Drawing lessons from the ASEAN free trade area (AFTA) and the way forward for SAFTA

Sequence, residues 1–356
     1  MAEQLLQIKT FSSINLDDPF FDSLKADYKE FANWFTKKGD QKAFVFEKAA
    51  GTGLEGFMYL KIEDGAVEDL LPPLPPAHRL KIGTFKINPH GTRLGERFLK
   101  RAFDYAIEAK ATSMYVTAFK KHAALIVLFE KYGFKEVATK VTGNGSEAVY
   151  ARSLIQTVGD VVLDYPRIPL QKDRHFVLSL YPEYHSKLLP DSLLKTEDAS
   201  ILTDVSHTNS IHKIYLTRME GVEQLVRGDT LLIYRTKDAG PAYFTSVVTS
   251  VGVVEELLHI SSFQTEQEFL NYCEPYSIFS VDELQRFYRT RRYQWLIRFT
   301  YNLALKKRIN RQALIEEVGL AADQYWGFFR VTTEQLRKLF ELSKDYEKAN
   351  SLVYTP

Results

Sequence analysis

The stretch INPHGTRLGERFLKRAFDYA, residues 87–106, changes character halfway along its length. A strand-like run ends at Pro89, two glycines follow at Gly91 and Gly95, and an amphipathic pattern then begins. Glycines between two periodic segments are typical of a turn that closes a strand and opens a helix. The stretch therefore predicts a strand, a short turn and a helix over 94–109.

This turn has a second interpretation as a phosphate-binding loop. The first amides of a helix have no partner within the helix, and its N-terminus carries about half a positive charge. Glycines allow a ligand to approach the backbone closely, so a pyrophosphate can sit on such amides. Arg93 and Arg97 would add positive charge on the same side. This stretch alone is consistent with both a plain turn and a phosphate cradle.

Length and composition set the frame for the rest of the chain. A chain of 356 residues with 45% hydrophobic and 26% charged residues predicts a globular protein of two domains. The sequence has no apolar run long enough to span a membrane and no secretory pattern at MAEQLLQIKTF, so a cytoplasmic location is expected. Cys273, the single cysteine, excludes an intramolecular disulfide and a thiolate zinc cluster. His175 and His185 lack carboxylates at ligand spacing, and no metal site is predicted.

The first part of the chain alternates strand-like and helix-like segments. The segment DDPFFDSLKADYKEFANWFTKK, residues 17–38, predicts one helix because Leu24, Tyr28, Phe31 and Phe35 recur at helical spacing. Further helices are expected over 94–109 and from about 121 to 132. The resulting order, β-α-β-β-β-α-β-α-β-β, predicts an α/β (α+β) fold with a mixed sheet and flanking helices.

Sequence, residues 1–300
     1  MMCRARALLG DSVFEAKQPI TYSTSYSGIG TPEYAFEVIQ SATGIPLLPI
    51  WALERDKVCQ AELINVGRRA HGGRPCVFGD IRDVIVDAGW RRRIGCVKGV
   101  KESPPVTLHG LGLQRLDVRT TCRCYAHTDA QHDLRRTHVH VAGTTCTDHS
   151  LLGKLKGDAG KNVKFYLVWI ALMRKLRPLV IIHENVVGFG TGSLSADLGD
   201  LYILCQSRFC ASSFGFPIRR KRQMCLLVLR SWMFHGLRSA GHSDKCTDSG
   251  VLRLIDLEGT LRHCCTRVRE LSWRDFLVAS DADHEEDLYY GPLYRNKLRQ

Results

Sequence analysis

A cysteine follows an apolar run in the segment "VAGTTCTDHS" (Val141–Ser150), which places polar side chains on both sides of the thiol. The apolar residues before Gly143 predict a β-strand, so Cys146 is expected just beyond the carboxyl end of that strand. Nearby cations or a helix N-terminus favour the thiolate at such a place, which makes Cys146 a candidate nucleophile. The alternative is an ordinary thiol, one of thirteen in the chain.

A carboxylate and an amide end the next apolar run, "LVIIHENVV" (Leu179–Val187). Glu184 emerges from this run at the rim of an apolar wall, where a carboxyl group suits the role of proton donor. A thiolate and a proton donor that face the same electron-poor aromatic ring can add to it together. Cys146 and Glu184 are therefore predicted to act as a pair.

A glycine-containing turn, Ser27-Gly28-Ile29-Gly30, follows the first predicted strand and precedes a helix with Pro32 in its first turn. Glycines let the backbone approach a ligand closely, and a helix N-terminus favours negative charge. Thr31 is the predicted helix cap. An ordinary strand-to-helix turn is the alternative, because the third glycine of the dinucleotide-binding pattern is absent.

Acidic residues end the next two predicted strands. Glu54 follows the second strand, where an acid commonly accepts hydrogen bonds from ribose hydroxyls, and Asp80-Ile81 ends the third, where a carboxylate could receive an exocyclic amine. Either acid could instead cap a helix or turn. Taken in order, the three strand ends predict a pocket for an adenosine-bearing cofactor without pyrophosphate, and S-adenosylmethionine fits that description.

With the shift in the centre of power from the west to Asia, the importance of south Asia has increased many folds. South Asia is home to 25% of the world's population and covers 3.5% of the world's land mass. It also has strategic importance, not just because it is in the proximity of the energy lane but also to emerging superpower China. South Asia is still one of the least integrated regions in the world. It has significantly less inter-country infrastructure connectivity and trade. With the shifting global order, it becomes vital for countries in the region to integrate to take advantage of it. Stability in South Asia has remained very challenging to achieve, except for India. It has often seen multiple regime changes. Since SAARC's founding in the 1980s, the organization has experienced several ups and downs with shifting regimes in member states. Regional integration is considered more advantageous than cooperation outside the region in the dominant globalized world order. ASEAN and the EU best exemplify the advantages of intraregional cooperation. This paper first outlines the regional politics and historical background towards the attempt to form regional integration through SAARC. It demonstrates how changing regimes impacted the prospect of regional integration. Secondly, it tries to identify significant challenges to regional integration and suggest how such challenges can be overcome. And lastly, it concludes with comparative lessons from ASEAN, which SAARC can draw for more significant regional benefits.